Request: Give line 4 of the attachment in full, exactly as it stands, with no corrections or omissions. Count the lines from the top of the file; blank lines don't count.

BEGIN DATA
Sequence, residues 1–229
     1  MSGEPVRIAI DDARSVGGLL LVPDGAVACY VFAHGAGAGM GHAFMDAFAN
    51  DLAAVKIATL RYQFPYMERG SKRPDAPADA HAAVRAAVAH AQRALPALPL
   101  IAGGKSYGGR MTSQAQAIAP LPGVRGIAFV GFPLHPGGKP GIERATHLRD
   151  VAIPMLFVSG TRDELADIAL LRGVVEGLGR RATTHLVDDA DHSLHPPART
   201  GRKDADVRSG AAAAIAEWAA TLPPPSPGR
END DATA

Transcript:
   101  IAGGKSYGGR MTSQAQAIAP LPGVRGIAFV GFPLHPGGKP GIERATHLRD